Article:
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**Harvard**

Morrison, J., Boyd, S., Marsano, L., Bialecki, B., Ericsson, T. och Santos, J. (2009) *Numerical methods for solving the Hartree-Fock equations of diatomic molecules I.*.

** BibTeX **

@article{

Morrison2009,

author={Morrison, John C. and Boyd, Scott and Marsano, Luis and Bialecki, Bernard and Ericsson, Thomas and Santos, Jose Paulo},

title={Numerical methods for solving the Hartree-Fock equations of diatomic molecules I.},

journal={Communications in Computational Physics},

issn={1815-2406},

volume={5},

issue={5},

pages={959-985},

abstract={The theory of domain decomposition is described and used to divide the variable domain of a diatomic molecule into separate regions which are solved independently. This approach makes it possible to use fast Krylov methods in the broad interior of the region while using explicit methods such as Gaussian elimination on the boundaries. As is demonstrated by solving a number of model problems, these methods enable one to obtain solutions of the relevant partial differential equations and eigenvalue equations accurate to six significant figures with a small amount of computational time. Since the numerical approach described in this article decomposes the variable space into separate regions where the equations are solved independently, our approach is very well-suited to parallel computing and offers the long term possibility of studying complex molecules by dividing them into smaller fragments that are calculated separately.},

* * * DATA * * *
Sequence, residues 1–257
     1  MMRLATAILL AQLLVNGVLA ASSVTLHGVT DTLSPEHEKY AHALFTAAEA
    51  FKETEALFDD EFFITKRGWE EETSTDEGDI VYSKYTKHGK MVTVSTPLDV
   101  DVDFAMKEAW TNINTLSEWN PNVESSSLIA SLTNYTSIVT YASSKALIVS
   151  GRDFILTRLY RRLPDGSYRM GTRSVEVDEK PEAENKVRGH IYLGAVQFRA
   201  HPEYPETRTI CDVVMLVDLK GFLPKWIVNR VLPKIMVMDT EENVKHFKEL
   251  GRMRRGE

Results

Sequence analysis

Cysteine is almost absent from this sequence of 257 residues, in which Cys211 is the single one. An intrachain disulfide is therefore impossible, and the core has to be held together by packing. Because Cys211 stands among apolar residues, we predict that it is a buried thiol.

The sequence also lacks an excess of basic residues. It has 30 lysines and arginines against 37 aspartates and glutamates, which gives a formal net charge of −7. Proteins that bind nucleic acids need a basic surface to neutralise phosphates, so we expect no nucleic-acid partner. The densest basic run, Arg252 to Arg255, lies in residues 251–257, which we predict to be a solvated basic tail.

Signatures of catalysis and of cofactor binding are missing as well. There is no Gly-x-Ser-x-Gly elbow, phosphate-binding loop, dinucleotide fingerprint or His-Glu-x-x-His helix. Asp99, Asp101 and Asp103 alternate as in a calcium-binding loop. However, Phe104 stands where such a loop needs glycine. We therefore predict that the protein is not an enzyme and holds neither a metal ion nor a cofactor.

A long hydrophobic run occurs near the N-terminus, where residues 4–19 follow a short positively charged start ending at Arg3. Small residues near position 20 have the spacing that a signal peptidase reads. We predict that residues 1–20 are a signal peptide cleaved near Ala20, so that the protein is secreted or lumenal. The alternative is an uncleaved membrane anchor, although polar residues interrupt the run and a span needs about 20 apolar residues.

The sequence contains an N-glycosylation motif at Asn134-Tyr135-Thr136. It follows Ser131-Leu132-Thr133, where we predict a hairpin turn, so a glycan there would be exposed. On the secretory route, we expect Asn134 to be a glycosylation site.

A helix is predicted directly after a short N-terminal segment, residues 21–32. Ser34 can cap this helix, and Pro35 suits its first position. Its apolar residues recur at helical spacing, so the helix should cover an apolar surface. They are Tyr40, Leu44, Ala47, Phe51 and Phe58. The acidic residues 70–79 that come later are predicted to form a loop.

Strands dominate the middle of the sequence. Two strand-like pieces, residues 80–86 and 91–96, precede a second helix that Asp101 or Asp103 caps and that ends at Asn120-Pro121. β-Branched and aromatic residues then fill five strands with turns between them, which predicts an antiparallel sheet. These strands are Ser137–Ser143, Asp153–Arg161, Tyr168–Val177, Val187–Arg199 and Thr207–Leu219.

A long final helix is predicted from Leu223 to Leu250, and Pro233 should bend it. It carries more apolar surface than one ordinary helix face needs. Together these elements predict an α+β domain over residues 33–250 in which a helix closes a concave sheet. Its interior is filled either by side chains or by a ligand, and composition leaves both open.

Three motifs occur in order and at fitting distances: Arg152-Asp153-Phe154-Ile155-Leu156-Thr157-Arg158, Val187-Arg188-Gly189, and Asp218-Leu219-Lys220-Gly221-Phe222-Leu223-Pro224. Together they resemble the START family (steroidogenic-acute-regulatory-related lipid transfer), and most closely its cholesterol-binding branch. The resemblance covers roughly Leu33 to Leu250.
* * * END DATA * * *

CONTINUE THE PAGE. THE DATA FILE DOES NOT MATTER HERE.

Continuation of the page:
year={2009},

keywords={Fast Krylov methods, splines, Hartree-Fock equations, diatomic molecules, eigenvalue problem. },

}

** RefWorks **

RT Journal Article

SR Print

ID 103545

A1 Morrison, John C.

A1 Boyd, Scott

A1 Marsano, Luis

A1 Bialecki, Bernard

A1 Ericsson, Thomas

A1 Santos, Jose Paulo

T1 Numerical methods for solving the Hartree-Fock equations of diatomic molecules I.

YR 2009

JF Communications in Computational Physics

SN 1815-2406

VO 5

IS 5

SP 959

OP 985

AB The theory of domain decomposition is described and used to divide the variable domain of a diatomic molecule into separate regions which are solved independently. This approach makes it possible to use fast Krylov methods in the broad interior of the region while using explicit methods such as Gaussian elimination on the boundaries. As is demonstrated by solving a number of model problems, these methods enable one to obtain solutions of the relevant partial differential equations and eigenvalue equations accurate to six significant figures with a small amount of computational time. Since the numerical approach described in this article decomposes the variable space into separate regions where the equations are solved independently, our approach is very well-suited to parallel computing and offers the long term possibility of studying complex molecules by dividing them into smaller fragments that are calculated separately.

LA eng

OL 30